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Black Russian Tomato Seeds

Item #V-2763 | 30 Seeds | Price: $2.95
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These Black Russian Tomato Seeds are medium sized black tomatoes that grow on compact plants bearing plenty of dark mahogany-brown fruits, with a delicious blend of sugar and acid, making a distinctive, complex flavor that has to be tasted to be believed. (Lycopersicon esculentum). Indeterminate. 80 Days to harvest. 30 seeds per package.
Black Russian Tomato Seeds

Squash, cucumbers, melons, eggplant, okra, tomatoes and other vegetables in your garden depend on bees to set fruit, so plant yourself some insurance with flowers that will attract them. Bee balm is one of their favorites. As soon as the weather is dependably warm and sunny, you should see the bees visiting your plants. Bee balm is perennial in Zones 4 through 9, so put it in a corner of the garden were it can grow undisturbed. It will multiply, too. If you “deadhead,” or cut off the old blooms when they fade, bee balm will bloom longer.

Vegetable Garden - Tips on Growing Black Russian Tomato Seeds

The main crop in some home gardens, and for the home gardener are tomatoes that deliver the taste of summer in every bite. Just a few healthy plants will produce buckets of beautiful Tomatoes loaded with flavor and nutrition. Tomatoes run on warmth, so they are best planted in late spring and early summer except in Zone 10, where they are a fall and winter crop. Choosing varieties can be confusing because there is such a large of selection of seeds to choose from, but it’s a good idea to plant some of each for variety and length of season. Devote a prime, sunny spot for your tomatoes, which will grow into a tall screen of green foliage studded with ripening fruits in mid- to late summer. Tomatoes need at least 8 hours of sun to bring out their best flavors, and you will need to stake, trellis, or cage the sprawling plants to keep them off the ground. Deciding on a support plan before you set out your tomato plants out is suggested.

You can combine fast-maturing varieties with mid and late season, but wait until any danger of frost has passed to transplant your tomatoes.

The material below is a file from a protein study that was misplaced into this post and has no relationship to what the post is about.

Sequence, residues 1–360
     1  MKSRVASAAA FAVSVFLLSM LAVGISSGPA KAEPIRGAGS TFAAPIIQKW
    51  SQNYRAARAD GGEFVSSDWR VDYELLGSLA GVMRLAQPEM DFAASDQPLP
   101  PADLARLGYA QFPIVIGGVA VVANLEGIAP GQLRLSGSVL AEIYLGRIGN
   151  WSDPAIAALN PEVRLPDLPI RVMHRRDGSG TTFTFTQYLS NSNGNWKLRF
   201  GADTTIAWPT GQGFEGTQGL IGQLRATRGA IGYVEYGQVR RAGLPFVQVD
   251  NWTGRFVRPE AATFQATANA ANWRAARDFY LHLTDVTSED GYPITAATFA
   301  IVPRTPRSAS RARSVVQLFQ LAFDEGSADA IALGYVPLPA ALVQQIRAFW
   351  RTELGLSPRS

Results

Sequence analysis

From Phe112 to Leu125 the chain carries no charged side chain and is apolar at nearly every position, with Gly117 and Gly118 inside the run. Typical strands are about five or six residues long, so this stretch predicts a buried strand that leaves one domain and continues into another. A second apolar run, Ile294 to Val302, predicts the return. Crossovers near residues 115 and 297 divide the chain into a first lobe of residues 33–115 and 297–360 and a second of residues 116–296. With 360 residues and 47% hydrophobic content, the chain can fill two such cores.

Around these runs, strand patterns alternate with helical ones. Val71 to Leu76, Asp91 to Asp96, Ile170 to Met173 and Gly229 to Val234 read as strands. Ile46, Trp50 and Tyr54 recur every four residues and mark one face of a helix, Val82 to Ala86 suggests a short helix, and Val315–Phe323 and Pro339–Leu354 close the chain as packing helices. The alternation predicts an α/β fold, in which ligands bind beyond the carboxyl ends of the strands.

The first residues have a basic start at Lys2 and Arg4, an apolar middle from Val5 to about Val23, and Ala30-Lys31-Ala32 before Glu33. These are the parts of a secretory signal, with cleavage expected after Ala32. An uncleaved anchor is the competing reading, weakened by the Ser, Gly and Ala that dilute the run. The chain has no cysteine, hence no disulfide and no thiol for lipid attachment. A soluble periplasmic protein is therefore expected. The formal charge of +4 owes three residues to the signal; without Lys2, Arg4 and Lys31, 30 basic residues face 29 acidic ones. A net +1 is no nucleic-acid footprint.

USDA Hardiness Zone -First Frost Date- Last Frost Date

  • Zone 1 -July 15th -June 15th
  • Zone 2 -August 15th- May 15th
  • Zone 3 -September 15th May 15th
  • Zone 4 -September 15th May 15th
  • Zone 5 -October 15th April 15th
  • Zone 6 -October 15th April 15th
  • Zone 7 -October 15th April 15th
  • Zone 8 -November 15th March 15th
  • Zone 9 -December 15th February 15th
  • Zone 10 -December 15th January 31st (sometimes earlier)
  • Zone 11 -No frost. No frost.

START INDOORS

in a warm, well-lighted area at least 5-7 weeks before last the last frost. Sow Tomato seeds ¼" deep in seed starting formula. Keep evenly moist. Tomato seedlings emerge in 5-8 days at 70º F. Prior to transplanting to the garden, accustom to outdoor conditions by moving to a sheltered place outside for a week.

  • Black Russian Tomato Seeds Depth: 1/4"
  • Soil Temperature for Germination.: 70-90°F
  • Days to Germination.: 6-10
  • Plant Spacing: 18"-24"
  • Full Sun
  • Moderate Water

TRANSPLANT:

The Black Russian Tomato Seedlings are to stand 3-4" apart each way if left un staked; 2½" apart each way if staked or grown in cages. Tomatoes need full sun and well drained soil. Did you know that the best time to transplant is on a cloudy day or in the morning or evening hours when the sun is not as intense? And water your tomato seedlings just before you are ready to transplant to help the root ball intact.